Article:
- Arts & Literature
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By Jonathan Tomlin
Oxford University LGBTQ Society is reeling after a spate of aggressive in-fighting on Facebook which saw a former Secretary of the Oxford Conservative Association (OCA) temporarily banned from the society’s official group.
Hundreds of increasingly heated comments were posted on the OU LGBTQ Society Facebook group, which is public and has over 300 members, within a period of only a couple of hours last Friday.
The argument arose when Yingtong Ding, the female bisexuality rep for the society and a visiting student from China, complained at how few women attend society events, she wrote: “Girls: can you please show up more in our future events”. Some other members of the group viewed her reference to ‘girls’ as sexist and anti-feminist.
An argument then ensued as members debated whether or not the term ‘girls’ was sexist. Simone Webb, a first year PPE student at Hertford, commented on the group: “You know, I think if you called us ‘women’, it might make some of us at least more likely to turn up to events.”
An administrator for the society deleted the thread from the Facebook group after Jim Everett, who was OCA’s secretary in 2011, commented: “You are fucking insane.”
He also said: “I think you girls should go get another group where you can go hate on the world and circle jerk together, instead of pissing off everyone and making LGBTQSoc members look idiotic.”
As the number of comments escalated, administrators deleted hundreds of comments from the group, causing more controversy over what many members viewed as censorship.
The dispute has intensified after a number of blog posts about the incident were posted online, including one by Alex Gabriel, an undergraduate studying English and German. Tom Oakley, a student at Hertford, posted a link to the blog post on the Facebook group on Monday, to which Webb, replied: “ Right, Tom, posting that here wasn’t in any way provocative….”
After a response from Oakley, Webb avoided a potential second online quarrel, writing: “Either way, I’m out now. You won’t catch me engaging any more on this issue.” Another student, Eli Keren, also posted: “I don’t think that it’s going to help anyone if we risk descending into another public tiff. That’s not what this group is for.”
The society has faced a number of difficulties recently. Three committee members have told The Oxford Student they are considering resignation over the facebook dispute. Last term Alex Brahmam, a student at Wadham, resigned from his position as Entz rep on the committee over a dispute about the weekly LGBTQ drinks event and society funds. After his resignation Bramham said: “I can’t be bothered working with these clowns anymore, they go to pieces over “gay marriage” being a discriminatory term because it excludes “bisexual marriage” but leave the society itself to shambles!”
One committee member, who asked not to be named, said: “The committee has been plagued by problems recently. Our president has not been elected officially by the society and many positions are vacant.”
In a committee email shown to The Oxford Student, the society’s treasurer said: “We decided that it is best to make the Facebook group admin” explaining that this would: “mitigate both the flame wars and the unnecessary spam that gets posted on the group.”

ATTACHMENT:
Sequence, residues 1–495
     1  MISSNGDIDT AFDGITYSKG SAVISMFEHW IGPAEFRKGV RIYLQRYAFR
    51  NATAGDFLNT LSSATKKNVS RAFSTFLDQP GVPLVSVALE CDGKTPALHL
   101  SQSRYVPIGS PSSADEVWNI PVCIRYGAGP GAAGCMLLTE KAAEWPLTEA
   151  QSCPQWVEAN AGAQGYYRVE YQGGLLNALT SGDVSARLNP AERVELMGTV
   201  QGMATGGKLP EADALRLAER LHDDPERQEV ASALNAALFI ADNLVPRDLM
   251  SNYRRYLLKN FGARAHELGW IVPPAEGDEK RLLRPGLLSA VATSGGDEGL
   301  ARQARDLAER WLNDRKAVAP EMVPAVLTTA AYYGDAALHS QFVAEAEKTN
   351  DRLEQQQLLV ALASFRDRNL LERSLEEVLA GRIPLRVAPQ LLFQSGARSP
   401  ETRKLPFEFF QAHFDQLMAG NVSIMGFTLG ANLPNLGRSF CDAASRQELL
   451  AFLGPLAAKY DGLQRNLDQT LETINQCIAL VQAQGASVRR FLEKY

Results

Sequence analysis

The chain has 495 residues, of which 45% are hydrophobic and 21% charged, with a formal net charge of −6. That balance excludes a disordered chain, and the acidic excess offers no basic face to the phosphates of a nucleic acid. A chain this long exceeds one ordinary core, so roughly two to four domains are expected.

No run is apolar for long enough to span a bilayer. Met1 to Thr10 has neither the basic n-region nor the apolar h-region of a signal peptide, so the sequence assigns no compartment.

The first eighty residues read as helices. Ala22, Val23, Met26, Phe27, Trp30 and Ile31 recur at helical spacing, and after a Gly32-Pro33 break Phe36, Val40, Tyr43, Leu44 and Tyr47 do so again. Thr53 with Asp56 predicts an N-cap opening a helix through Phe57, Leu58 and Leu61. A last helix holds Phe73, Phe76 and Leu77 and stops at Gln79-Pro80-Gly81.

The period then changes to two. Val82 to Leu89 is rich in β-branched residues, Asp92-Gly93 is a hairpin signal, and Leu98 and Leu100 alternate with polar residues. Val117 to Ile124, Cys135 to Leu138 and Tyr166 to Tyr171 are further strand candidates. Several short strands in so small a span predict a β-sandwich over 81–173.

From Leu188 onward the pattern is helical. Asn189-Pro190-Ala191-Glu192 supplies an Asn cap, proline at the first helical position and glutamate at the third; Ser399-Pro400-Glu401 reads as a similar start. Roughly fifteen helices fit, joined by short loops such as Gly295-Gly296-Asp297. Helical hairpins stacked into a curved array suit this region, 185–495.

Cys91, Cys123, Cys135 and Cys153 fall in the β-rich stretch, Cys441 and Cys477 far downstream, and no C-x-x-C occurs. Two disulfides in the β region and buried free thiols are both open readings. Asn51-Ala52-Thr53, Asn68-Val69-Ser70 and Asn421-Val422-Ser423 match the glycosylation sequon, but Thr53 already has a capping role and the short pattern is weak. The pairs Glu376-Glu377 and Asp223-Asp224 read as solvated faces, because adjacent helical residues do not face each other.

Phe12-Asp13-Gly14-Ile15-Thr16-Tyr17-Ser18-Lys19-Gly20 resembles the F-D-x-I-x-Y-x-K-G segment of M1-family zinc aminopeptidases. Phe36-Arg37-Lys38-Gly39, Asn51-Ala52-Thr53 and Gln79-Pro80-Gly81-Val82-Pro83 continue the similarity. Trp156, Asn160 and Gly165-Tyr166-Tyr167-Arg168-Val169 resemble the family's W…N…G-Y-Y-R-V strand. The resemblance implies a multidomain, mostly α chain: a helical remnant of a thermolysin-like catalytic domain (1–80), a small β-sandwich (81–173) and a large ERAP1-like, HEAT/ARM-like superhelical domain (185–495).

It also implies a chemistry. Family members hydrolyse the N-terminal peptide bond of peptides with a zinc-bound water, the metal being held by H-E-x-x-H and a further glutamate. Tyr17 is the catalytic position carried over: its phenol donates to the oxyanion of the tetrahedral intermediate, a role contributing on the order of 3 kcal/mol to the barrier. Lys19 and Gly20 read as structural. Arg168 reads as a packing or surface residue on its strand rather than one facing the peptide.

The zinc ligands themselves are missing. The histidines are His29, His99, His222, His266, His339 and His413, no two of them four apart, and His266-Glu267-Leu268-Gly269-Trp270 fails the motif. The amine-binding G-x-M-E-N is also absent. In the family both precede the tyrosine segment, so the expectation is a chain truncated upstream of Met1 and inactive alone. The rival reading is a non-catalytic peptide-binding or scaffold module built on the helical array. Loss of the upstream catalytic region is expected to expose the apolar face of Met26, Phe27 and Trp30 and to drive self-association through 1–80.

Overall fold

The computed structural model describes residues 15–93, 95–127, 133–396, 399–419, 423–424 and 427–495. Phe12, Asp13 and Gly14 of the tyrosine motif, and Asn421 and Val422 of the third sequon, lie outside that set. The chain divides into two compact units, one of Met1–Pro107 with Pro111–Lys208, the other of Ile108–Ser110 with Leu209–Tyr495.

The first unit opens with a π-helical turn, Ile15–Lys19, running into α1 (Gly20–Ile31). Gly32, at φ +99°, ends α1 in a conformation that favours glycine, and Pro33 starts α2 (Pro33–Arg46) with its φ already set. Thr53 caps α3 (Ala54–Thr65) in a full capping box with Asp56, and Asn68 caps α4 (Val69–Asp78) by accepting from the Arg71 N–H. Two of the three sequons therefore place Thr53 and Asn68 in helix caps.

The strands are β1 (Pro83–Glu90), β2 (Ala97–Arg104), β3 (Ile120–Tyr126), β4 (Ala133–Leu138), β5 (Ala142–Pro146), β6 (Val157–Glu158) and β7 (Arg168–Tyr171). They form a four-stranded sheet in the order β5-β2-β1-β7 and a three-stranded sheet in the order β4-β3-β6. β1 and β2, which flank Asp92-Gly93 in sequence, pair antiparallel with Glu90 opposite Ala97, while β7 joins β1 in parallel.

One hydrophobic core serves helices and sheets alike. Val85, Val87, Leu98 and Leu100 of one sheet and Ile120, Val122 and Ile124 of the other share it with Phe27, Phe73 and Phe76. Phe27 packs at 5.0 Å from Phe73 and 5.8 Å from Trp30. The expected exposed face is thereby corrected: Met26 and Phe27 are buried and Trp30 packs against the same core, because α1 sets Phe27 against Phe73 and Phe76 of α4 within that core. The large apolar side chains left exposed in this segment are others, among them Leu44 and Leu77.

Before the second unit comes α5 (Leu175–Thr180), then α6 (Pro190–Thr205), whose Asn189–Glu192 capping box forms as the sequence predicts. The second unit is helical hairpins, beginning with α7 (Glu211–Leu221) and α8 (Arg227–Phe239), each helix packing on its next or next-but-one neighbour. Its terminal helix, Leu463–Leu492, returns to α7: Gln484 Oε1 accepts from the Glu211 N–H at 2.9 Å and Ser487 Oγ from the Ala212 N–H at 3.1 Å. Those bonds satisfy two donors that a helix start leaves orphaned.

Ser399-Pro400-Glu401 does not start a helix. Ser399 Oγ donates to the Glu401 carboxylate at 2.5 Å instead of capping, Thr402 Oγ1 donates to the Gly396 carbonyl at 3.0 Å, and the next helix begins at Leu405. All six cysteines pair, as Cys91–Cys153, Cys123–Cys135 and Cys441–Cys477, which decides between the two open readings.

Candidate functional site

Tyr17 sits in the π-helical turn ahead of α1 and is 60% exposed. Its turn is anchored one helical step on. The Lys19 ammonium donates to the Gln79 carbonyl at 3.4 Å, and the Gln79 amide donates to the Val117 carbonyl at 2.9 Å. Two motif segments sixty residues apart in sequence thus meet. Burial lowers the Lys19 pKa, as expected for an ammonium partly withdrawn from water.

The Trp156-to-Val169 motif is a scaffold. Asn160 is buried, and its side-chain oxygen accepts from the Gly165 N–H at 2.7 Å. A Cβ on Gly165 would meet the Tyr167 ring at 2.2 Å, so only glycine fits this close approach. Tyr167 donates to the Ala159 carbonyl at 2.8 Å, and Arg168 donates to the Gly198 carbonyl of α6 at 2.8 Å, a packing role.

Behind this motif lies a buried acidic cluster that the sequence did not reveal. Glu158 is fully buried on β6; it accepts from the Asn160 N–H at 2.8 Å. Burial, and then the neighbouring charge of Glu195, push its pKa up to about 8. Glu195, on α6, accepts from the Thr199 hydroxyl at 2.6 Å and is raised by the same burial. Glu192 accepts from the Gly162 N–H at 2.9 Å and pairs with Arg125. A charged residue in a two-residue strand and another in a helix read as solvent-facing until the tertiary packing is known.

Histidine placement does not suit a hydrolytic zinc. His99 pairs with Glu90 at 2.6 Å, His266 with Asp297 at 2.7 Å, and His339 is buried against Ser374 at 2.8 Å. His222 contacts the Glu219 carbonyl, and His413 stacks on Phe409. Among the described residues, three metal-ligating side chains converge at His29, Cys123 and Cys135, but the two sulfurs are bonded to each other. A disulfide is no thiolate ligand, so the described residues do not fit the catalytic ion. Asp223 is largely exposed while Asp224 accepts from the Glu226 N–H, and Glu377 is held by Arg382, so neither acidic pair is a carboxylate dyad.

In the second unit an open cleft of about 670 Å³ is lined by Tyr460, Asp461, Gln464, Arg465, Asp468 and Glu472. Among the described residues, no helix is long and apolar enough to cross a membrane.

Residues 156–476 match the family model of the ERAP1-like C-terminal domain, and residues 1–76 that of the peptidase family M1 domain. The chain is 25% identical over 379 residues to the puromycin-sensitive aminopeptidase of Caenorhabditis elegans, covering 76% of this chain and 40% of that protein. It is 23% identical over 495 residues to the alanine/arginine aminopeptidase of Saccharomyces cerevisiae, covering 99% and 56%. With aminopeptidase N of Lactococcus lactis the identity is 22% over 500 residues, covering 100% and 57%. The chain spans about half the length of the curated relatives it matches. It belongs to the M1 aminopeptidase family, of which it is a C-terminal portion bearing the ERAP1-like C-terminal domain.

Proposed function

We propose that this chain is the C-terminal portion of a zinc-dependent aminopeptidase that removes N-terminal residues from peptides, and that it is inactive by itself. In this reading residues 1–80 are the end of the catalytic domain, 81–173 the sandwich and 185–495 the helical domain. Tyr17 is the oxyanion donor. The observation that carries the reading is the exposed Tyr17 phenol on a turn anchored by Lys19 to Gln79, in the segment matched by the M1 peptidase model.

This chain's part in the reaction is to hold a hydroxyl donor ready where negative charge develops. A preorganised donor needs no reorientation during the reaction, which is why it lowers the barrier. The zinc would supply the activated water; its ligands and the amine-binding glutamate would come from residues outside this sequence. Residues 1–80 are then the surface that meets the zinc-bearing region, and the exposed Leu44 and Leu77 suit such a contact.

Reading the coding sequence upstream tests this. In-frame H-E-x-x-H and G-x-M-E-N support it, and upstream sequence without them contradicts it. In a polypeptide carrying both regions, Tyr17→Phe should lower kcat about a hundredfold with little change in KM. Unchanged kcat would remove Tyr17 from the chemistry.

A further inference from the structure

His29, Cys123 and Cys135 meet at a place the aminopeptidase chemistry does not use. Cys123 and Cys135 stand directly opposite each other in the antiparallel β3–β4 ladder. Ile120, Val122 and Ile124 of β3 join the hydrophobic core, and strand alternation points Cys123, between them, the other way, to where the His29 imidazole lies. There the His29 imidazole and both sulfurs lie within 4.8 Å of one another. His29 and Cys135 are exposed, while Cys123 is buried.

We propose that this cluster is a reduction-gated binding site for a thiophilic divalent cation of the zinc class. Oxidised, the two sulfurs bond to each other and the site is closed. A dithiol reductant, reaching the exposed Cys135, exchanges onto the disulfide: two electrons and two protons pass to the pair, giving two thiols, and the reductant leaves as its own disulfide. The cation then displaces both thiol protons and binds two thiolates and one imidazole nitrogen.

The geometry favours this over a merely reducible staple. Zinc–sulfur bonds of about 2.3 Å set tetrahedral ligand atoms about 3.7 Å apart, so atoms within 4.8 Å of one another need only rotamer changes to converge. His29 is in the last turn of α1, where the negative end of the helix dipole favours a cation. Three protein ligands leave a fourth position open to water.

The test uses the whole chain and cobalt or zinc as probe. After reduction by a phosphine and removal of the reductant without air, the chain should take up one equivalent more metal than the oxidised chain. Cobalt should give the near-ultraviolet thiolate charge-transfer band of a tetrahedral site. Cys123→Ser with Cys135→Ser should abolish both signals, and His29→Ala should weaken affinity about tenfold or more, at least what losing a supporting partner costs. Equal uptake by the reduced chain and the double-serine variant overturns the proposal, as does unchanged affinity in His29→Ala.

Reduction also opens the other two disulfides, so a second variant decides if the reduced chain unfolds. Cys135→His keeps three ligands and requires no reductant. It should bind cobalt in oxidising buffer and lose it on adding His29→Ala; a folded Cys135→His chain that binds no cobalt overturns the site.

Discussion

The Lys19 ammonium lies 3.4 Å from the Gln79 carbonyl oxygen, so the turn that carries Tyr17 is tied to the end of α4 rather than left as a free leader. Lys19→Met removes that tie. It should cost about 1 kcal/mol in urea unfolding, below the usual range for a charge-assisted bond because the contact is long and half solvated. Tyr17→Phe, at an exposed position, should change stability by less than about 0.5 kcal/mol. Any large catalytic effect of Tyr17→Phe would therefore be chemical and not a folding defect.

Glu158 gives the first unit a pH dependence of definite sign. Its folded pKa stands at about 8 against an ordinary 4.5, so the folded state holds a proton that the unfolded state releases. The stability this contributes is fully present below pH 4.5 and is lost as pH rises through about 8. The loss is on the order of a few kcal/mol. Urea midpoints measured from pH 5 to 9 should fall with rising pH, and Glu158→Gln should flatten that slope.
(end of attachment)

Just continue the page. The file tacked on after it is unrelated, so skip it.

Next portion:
However, Stephen Pritchett, publicity officer for the society, said: “LGBTQ society is a welfare society and as such it’s our responsibility to provide a safe space for members. This should extend to our online presence but it shouldn’t go as far as censorship. The decision to stop members being able to post on the Facebook group was not made by the whole committee.”
Webb disagreed: “I felt that considering Jim Everett’s comments in that conversation, it was right that he should be removed, as he’d contravened the Facebook rules. I think the person who removed comments from the group acted as she saw best, and I have no complaint.”
Everett, a student at Corpus Christi, said: “LGBTQSoc has no place for sexism, transphobia and ableism. Unfortunately, certain reactionaries see such things where there are none, alienating members and causing substantial unnecessary divisions in the society. The argument was between an extreme fringe with LGBTQSoc who make things very difficult for the majority by attacking them on minor, terminological issues.”
Oakley added: “Basically they’re acting like we’re naughty schoolboys and can’t be trusted with their precious internet… some people are being ridiculously oversensitive, for example pretending to be really offended by the fact that a female member of the group said something along the lines of ‘can we have more girls turning up to events’ and someone took huge offense to not being referred to as ‘women’.” He went on to say: “The person in question is lovely in person but she really needs to get a life when it comes to being offended about things on the internet.”
Ding was upset by the dispute, and said: “I think it will be good to have a uni-wide discussion about not only what happened in the LGBTQ group but also what is going on Facebook: people being irresponsible with regards to what they post on Facebook. You can delete the posts, but you can’t delete the harm you did to people. People’s Facebook presence is also part of themselves, and they should be very aware of that.”
The society’s president, Sam Weinberg, said: “Ours is a large and diverse society—there are therefore plenty of diverging viewpoints about nearly everything. We aim to accommodate those viewpoints until debate devolves into name-calling and mud-slinging, at which point it is our job to moderate discussions, as with any online forum.”